This World Suicide Prevention Day, Mates in Mind is calling on employers to take meaningful steps to normalise conversations about mental ill-health and prevention of suicide within the workplace.
With over 6,507 suicides registered in the UK in 2018 alone, it is vital that employers can start this conversation in the workplace and support their employees.
Here at Mates in Mind, we believe breaking the silence and stigma surrounding mental ill-health is a crucial step towards providing a safe and healthy workplace environment, which can play a vital role in suicide prevention.
Mates in Mind Managing Director, James Rudoni comments: “We know that the effect on those impacted by suicide is lasting and we believe that every suicide is a preventable death. Mental health can be a difficult topic to address, but anything mentionable is manageable.
“What we know from data previously reported by the ONS (2018) is that the risk of suicide is elevated in some sectors of the economy, such as construction, which is three times the national average for site workers, which is why we exist, to help support these sectors in bridging the mental health gaps and supporting their workforces.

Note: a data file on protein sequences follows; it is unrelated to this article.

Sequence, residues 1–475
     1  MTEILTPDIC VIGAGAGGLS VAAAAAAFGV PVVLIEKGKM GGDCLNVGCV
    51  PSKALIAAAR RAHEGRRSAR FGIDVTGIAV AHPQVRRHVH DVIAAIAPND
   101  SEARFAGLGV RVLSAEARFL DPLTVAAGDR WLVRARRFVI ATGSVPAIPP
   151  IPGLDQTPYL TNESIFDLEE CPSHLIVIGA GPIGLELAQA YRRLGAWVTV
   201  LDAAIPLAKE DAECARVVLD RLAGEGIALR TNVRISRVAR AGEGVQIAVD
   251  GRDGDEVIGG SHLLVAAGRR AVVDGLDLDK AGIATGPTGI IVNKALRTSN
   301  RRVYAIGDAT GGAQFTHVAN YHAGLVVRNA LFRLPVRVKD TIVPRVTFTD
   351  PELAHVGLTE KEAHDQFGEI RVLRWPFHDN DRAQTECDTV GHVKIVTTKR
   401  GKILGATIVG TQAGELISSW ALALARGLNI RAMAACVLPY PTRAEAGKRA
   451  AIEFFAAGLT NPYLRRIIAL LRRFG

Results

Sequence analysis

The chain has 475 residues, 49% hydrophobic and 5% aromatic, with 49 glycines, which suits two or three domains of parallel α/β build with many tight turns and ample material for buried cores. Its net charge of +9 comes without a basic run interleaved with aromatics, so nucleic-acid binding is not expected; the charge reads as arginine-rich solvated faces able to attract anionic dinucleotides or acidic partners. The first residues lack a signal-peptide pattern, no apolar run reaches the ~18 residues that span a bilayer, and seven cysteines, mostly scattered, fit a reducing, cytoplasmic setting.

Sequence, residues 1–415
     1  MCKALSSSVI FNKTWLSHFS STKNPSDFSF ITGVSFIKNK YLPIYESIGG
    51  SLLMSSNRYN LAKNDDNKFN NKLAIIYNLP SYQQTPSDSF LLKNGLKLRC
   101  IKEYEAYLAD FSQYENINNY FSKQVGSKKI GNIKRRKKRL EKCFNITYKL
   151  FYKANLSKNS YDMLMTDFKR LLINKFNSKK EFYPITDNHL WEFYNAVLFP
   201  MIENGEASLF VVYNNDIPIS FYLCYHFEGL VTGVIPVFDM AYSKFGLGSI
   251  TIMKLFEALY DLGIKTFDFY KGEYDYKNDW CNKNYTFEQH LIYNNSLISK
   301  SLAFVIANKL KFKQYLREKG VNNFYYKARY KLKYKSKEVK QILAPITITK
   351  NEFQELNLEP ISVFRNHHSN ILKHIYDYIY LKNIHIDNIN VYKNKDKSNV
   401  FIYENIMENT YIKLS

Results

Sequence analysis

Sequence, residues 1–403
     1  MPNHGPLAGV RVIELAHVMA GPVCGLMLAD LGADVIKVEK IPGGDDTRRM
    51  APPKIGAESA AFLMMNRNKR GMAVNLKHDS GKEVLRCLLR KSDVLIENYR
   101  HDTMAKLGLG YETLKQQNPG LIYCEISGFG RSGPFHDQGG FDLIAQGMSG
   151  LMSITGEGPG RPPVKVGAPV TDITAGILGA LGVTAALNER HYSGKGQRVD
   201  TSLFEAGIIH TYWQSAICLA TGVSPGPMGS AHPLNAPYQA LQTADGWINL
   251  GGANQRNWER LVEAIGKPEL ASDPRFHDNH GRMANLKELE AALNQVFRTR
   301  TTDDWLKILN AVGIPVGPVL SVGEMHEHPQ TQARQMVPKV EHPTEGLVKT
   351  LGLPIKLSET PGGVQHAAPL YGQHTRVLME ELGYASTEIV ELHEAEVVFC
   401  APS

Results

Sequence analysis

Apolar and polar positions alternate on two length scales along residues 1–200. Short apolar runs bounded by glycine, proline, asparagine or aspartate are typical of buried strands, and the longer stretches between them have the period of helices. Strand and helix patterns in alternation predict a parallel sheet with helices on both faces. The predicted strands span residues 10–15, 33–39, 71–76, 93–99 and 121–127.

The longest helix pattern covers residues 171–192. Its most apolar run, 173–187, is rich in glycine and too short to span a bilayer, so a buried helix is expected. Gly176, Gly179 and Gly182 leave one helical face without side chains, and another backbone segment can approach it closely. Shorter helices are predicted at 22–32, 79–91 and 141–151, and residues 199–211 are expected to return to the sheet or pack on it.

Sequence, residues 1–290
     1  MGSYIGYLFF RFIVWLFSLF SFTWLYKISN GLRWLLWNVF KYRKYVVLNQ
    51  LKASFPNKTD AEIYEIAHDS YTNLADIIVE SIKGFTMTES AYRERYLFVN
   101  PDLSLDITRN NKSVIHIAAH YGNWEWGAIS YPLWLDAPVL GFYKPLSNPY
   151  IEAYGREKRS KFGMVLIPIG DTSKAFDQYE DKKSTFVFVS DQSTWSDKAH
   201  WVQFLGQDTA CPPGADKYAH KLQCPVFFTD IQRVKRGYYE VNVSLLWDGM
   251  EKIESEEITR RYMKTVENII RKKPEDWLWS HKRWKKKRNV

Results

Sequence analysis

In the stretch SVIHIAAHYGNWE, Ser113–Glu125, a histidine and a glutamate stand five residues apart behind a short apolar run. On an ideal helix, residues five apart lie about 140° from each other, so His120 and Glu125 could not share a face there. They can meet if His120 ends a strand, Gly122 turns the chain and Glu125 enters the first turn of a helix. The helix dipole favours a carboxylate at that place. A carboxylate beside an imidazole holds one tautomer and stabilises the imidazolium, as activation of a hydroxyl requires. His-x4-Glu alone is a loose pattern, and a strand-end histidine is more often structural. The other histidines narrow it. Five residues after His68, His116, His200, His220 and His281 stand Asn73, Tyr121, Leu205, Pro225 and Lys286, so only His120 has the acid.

“Opening up an honest conversation about mental health in the workplace continues to be the most immediate and effective starting point. We cannot underestimate this important first step – helping to provide clear language, create general awareness and help people to recognise that everyone has mental health the same way that they have physical health. In this space, part of the messaging is about people recognising the signs in themselves, but awareness also is about enabling people to spot the changes in behaviour in others, combined with having increased confidence to know how to appropriately open up a conversation with a colleague.
“Our experience in supporting hundreds of organisations has shown us that the work we do here at Mates in Mind can make a meaningful difference to the wellbeing of an organisation and its people. This awareness day provides an opportunity for workplaces and sites across the country to get involved and start a conversation which could save a life”
Research suggests that open and honest communication about mental ill-health supports steps towards suicide prevention, because these important conversations have the power to increase awareness and understanding, remind people they are not alone and help break the stigma which can be a barrier for those seeking help. In light of this, we are encouraging workplaces across the UK to use this opportunity to #StartTheConversation within the workplace.
To support these conversations, Mates in Mind is launching a Suicide Prevention Day hub, with resources and information to support these vital discussions.